Big 12 Hopes To Deregulate Conference Championship Games

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The Big 12 might have missed a chance to have one of its schools participate in the College Football Playoff last season because it did not have a conference championship game. But that would not be a problem if legislation that deregulates conference championship games passes as expected, CBSSports.com reported Tuesday.

The Big 12 and the Atlantic Coast Conference developed the legislation, which could be implemented as soon as the 2016 season.

At the moment, conferences are required to have at least 12 members divided into two divisions to have a conference title game. The Big 12 has only 10 members in one large conference, so it cannot have a conference championship game.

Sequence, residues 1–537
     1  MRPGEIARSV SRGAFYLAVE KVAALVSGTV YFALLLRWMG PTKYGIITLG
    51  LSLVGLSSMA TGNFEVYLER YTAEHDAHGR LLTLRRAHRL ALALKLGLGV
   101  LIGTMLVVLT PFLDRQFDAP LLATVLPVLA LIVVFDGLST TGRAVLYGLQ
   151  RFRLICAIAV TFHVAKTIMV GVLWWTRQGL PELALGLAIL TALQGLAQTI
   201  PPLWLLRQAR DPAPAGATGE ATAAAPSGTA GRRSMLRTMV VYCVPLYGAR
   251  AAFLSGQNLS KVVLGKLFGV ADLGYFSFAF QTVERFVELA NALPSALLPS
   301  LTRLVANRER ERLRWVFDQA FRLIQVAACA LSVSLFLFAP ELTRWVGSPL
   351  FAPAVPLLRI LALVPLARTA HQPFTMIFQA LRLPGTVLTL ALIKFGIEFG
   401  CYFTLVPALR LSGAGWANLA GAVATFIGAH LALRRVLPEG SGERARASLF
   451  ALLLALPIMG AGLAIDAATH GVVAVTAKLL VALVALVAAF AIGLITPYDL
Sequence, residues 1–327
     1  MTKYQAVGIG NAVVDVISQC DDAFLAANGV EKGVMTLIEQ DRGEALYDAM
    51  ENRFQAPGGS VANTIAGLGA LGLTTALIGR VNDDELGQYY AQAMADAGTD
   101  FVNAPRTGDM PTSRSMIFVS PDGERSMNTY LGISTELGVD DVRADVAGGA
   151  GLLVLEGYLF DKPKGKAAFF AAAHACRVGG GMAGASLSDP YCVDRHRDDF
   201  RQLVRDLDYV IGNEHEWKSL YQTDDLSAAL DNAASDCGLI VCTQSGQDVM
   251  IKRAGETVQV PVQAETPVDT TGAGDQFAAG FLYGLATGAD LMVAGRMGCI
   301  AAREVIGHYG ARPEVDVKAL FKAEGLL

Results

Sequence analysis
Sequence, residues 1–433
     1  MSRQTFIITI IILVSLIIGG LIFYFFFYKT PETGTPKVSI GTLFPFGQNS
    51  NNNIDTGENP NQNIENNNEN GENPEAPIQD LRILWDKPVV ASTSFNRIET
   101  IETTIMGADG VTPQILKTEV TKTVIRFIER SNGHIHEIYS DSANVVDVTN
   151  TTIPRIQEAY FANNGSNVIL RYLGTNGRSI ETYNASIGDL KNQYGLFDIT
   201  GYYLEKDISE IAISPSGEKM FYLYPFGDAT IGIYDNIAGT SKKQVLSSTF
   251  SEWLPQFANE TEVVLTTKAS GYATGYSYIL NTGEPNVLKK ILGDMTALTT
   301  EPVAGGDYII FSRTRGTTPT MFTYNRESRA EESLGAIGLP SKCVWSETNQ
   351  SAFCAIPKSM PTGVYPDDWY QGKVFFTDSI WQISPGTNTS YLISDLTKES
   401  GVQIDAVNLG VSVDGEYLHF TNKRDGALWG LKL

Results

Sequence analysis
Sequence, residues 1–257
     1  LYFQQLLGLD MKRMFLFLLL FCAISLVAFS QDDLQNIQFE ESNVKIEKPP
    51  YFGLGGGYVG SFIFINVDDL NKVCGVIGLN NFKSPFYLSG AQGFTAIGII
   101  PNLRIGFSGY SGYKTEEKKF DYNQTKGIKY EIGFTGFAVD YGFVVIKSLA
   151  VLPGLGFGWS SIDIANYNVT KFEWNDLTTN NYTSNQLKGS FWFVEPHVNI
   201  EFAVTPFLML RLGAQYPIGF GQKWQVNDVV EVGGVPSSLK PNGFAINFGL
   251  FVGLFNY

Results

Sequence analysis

Baylor and TCU were ranked No. 4 and No. 6, respectively, in the final regular-season Associated Press polls this past season and finished tied for first in the Big 12. Because the conference did not have a championship game to establish an undisputed champion, it might have affected the ability of Baylor and TCU to get picked for the four-team playoff.

Deregulating the championship game would allow the Big 12 to hold a title game with just 10 teams, presumably divided into two five-team divisions.

It’s unclear what the ACC’s motives were for helping to develop this legislation because it already has a conference title game. It was hinted by Bob Bowlsby, the Big 12 commissioner and chairman of the new NCAA Football Oversight Committee, that the ACC might want to add a 15th team and have three five-team divisions, with the two division winners with the highest rankings meeting in the conference championship game.

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